Measuring effectiveness and ideology of Wisconsin’s members of Congress
WASHINGTON, DC – The U.S. Capitol is shown at dusk (Photo by Win McNamee/Getty Images)
WASHINGTON — U.S. Rep. Ron Kind doesn’t hold any leadership positions in Congress or chair any powerful committees or subcommittees. But he is nonetheless among its most effective members — at least according to a new report card by GovTrack.us, a nonpartisan organization that tracks government data and analyzes the bills and votes of federal lawmakers.
The moderate Democrat placed 8th on a list of lawmakers ranked in terms of leadership, a score computed by using the number of cosponsors the legislators got to sign on to their bills last year.
By that specific measure, which rewards bipartisanship, Kind was more effective than nearly all other House lawmakers — including numerous committee chairs and high-profile members. He also earned higher marks on this score than all other members of Wisconsin’s House delegation, including Reps. Jim Sensenbrenner, a Republican who represents the 5th District and the second most senior member of the House, and Democrat Mark Pocan of the 2nd District who co-chairs the Congressional Progressive Caucus. (The list includes nonvoting members but not vacant seats, such as that formerly held by GOP Rep. Sean Duffy.)
Kind also wrote more bills — 37 of the 38 he introduced — that were cosponsored by members of the other party than all but one other member of the House.
“He really is making an effort to introduce and cosponsor bipartisan bills,” said David Canon, a political science professor at the University of Wisconsin in Madison. “That is something you don’t see that often right now in Congress.”
Kind ranked 6th (in the 99th percentile) on a list of lawmakers ranked by the total number of cosponsors their bills generated; tied for 11th (the 97th percentile) on a list of lawmakers ranked by the number of bills they introduced; and ranked 31st (the 87th percentile) on a list of lawmakers whose bills got out of committee and saw floor action.
And he tied for 7th (the 97th percentile) on a list of members whose bills became law last year. Three of his bills became law — a number that GovTrack says is more impressive than it might seem. One law helps ensure that hospitals receive adequate payment under Medicare. Another modifies retirement account rules for workers. The third expands public target ranges.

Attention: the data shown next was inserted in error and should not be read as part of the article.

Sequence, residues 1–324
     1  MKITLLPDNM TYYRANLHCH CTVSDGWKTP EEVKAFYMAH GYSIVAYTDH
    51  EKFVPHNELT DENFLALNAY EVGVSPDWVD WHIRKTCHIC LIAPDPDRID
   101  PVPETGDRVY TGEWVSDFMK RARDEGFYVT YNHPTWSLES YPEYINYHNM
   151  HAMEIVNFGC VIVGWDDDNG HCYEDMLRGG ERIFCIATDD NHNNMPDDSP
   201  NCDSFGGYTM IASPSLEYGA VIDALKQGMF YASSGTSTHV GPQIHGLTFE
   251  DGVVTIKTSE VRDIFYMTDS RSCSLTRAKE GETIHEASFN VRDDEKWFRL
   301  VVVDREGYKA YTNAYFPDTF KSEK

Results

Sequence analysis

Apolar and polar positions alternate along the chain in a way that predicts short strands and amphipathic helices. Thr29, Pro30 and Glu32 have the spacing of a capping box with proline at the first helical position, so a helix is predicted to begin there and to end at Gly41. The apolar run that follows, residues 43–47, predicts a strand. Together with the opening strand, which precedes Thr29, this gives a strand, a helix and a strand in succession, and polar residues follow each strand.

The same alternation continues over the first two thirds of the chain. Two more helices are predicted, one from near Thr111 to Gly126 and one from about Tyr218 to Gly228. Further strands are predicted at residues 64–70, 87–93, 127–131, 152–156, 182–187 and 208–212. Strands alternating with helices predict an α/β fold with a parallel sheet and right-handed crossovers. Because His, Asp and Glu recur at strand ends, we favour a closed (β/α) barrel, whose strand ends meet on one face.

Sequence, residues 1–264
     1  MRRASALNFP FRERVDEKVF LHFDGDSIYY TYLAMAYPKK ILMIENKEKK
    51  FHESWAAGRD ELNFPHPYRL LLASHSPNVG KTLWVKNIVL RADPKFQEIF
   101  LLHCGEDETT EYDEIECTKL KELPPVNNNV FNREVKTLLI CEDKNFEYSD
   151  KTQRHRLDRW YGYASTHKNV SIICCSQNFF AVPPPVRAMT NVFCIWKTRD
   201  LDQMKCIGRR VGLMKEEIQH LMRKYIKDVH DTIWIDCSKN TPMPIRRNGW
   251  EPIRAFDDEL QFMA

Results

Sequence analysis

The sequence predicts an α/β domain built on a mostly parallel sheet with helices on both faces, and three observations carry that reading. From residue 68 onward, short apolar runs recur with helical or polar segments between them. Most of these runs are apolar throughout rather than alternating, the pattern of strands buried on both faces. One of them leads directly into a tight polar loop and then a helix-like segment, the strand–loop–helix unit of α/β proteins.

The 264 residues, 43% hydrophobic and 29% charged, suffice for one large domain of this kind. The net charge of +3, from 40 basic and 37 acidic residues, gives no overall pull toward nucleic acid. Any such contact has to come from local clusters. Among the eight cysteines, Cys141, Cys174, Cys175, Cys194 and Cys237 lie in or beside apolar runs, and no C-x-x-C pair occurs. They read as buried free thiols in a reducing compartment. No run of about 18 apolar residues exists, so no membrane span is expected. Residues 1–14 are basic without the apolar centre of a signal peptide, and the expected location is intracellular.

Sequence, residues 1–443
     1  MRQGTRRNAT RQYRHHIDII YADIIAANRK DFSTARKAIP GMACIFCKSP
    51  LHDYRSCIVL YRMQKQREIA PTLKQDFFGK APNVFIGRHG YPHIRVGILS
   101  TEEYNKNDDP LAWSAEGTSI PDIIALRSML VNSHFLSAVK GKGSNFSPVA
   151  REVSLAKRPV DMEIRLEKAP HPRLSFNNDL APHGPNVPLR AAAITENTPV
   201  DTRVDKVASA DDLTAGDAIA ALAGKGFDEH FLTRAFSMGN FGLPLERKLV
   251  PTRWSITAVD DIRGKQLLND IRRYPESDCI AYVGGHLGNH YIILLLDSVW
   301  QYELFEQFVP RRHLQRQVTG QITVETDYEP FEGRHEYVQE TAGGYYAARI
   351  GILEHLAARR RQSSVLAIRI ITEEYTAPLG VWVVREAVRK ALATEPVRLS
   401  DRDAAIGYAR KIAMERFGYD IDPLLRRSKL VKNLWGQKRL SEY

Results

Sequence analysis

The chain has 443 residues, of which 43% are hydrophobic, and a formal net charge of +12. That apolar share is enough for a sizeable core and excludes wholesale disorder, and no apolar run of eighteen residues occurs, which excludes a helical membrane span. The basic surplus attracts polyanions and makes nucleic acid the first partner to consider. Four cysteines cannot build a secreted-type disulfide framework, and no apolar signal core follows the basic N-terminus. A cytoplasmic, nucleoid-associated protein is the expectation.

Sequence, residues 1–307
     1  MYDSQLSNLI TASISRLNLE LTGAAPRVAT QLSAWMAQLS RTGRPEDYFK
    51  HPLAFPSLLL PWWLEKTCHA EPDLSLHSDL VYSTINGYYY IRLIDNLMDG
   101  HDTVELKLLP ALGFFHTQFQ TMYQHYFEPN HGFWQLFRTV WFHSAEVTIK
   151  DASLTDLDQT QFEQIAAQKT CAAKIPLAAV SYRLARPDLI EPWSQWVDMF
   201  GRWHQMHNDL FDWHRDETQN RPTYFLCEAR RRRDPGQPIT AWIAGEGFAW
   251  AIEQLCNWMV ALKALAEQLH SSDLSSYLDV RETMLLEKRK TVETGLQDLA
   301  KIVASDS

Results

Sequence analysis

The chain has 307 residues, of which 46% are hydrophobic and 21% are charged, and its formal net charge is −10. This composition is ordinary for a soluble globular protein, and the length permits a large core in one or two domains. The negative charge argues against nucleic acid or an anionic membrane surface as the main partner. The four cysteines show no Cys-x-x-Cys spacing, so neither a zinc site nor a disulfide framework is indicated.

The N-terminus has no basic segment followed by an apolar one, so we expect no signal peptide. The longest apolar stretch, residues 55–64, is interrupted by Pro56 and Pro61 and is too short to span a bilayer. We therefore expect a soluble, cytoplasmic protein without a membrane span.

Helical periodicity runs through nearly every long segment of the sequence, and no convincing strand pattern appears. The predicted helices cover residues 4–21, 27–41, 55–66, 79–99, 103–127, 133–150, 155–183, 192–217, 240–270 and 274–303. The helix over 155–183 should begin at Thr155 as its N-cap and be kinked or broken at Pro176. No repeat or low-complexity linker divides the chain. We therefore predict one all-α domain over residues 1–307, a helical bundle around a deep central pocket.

Kind explains the rankings as a reflection of years of building relationships with his House colleagues on both sides of the aisle and working to find areas of common ground.
“We need more of that,” he told the Examiner in an interview. “There are forces trying to pull us further apart and trying to put us in our respective tribes or corners.”
Those forces, he said, hit lawmakers from their first days in Washington. “Leadership of both parties does everything they can to keep us separate,” he said. Some solutions he recommends: more opportunities for lawmakers to get to know members of the other party, less “top-down management” and less legislation coming out of the Speaker’s office, which he said happens in both parties and is not conducive to establishing productive committee relationships.
Congress would function better “if we can get out of this political vortex” and “get the institution back to working the way it was intended,” he said, though he conceded that is not easy during a presidential election year.
It’s not as if the 12-term lawmaker — Wisconsin’s most conservative Democrat — has no formal power. He’s a member of the powerful Ways and Means Committee, the tax-writing panel with jurisdiction over Social Security, Medicare and international trade. He once chaired the New Democrat Coalition, a sizable group of centrists, and he now co-chairs its trade task force. And he heads up several other caucuses on issues relating to everything from health care innovation to parks and rivers.